Real Estate Regulatory Bill

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The real estate regulatory bill is going to bring about a paradigm shift in the way the real estate sector functions in India. Now the government is indeed working on the principle “Consumer is king”, making it mandatory for the builders or developers to follow guidelines while constructing, launching and promoting new residential projects. The bill has been launched to protect the buyers from corrupt developers and builders, having provisions like jail term of up to three years for offences like putting up misleading advertisements about projects. The key highlights of the Real Estate Regulatory Bill are as follows:

  1. A real estate regulatory authority will be set up in each state.
  2. Developers will have to sell property based on the carpet area as opposed to based on super area as of now.
  3. Developers cannot offer any pre-launch sales without the regulatory approvals.
  4. Before accepting monetary advance or deposit; the developer must sign a written agreement of sale with the buyer.
  5. It mandates developers to keep 70% of the buyers’ funds in a separate bank account to ensure the money is used for developing the intended project and is not diverted to execute an older project or debt reduction.
  6. If false or incorrect information is mentioned in the proposed project documentation, the buyer can withdraw from the project and will get a refund of the entire amount along with interest.
  7. Provisions in the bill mandate property agents to get themselves registered with the regulator.
  8. The real estate regulatory authority will address the grievances of the consumer.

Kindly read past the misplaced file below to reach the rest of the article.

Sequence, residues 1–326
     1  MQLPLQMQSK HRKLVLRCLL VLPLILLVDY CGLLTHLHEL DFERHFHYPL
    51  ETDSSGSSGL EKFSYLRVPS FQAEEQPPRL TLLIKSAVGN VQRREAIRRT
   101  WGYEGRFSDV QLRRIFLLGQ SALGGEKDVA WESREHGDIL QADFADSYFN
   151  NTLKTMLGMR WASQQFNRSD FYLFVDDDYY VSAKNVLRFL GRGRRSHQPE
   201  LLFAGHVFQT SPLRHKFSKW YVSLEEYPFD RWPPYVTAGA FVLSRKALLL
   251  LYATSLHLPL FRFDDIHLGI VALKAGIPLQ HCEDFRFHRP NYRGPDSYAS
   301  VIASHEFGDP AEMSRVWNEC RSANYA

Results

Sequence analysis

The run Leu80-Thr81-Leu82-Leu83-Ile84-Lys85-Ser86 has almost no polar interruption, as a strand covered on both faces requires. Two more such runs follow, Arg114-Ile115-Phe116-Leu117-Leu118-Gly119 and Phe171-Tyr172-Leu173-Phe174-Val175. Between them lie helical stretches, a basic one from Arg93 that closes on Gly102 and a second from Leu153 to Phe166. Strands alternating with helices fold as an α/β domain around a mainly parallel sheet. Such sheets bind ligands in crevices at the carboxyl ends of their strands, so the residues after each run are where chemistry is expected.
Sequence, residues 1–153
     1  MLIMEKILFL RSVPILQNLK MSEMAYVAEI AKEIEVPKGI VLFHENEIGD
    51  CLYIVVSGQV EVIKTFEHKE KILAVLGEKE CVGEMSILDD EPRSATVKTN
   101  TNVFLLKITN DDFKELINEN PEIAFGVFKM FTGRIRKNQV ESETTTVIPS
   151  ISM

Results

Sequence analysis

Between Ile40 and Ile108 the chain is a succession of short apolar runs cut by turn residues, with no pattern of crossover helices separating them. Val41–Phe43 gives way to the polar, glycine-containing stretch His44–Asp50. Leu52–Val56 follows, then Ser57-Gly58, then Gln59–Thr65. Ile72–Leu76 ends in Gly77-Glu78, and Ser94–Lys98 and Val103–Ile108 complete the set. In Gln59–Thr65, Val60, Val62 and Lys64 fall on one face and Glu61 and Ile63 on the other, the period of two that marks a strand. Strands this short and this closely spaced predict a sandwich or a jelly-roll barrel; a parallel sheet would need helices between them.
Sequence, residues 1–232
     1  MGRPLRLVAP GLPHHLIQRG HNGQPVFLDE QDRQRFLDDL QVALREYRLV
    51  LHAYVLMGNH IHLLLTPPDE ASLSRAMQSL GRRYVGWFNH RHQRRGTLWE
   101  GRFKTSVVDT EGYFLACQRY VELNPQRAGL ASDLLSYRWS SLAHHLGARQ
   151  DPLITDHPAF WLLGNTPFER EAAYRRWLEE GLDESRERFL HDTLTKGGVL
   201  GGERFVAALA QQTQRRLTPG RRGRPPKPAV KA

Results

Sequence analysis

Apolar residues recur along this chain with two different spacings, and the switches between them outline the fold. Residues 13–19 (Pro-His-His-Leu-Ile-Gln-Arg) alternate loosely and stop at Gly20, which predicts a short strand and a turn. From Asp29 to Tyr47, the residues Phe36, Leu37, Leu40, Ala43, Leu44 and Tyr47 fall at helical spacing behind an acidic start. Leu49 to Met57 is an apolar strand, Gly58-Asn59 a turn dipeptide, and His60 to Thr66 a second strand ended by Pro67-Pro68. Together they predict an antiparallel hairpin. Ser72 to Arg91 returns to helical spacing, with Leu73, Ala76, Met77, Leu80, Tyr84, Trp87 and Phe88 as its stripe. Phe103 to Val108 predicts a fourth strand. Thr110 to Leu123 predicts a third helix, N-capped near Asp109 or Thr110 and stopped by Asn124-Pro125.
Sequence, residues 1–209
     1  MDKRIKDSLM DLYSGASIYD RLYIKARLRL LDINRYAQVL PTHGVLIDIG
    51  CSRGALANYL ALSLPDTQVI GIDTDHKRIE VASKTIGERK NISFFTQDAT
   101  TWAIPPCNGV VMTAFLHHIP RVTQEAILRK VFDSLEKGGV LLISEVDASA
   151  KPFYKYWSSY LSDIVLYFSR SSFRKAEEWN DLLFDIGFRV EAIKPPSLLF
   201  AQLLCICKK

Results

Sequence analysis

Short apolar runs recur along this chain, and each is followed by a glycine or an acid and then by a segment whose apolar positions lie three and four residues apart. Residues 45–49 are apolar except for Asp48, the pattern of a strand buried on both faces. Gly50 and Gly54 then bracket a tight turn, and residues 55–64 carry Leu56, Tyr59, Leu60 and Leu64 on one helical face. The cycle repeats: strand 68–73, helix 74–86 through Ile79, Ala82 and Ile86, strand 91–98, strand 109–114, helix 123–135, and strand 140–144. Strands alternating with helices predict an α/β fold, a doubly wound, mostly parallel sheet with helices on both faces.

Advantages of the Real Estate Bill:

Strict regulations will be imposed on the builders or developers of the project to make sure that construction is running on schedule and flats are delivered on time to the buyer. In case there is a delay, builder will be entitled to a full refund with interest. With this bill, developers need to share project plans in disclosure which will clearly be delivered with the flat. In case any further changes made, the builder will have to pay a penalty at 10 per cent of project costs or jail up to three years. According to the bill, the buyer can inform about the glitches within one year of purchase date and the developer will be accountable for the defects.

Disadvantages of the Real Estate Bill:

Real estate regulatory bill is applicable only to new real estate projects. So, most projects which were sold in the last 2 to 3 years which are stuck in the process due to clearance or financial trouble are not included in the bill. Also registration with the regulator won’t be compulsory for projects less than 1,000 square metres or 12 apartments. So, many small developers across metros like Mumbai, Bangalore, Chennai etc. will slip away from registration and government regulator’s control.

Keeping all the pros and cons in mind the significant part is that government has finally come up with a customer oriented plan. It’s good to have a specified framework to analyse the real estate sector, having the common man in forefront and keeping affordability as the key factor. The Bill has been introduced to the Parliamentary Standing Committee. After the committee submits its report the Bill will be taken back to the Parliament and will soon become a law.

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One thought on “Real Estate Regulatory Bill

  1. Pingback: Weaving through the Jargon! | CREM

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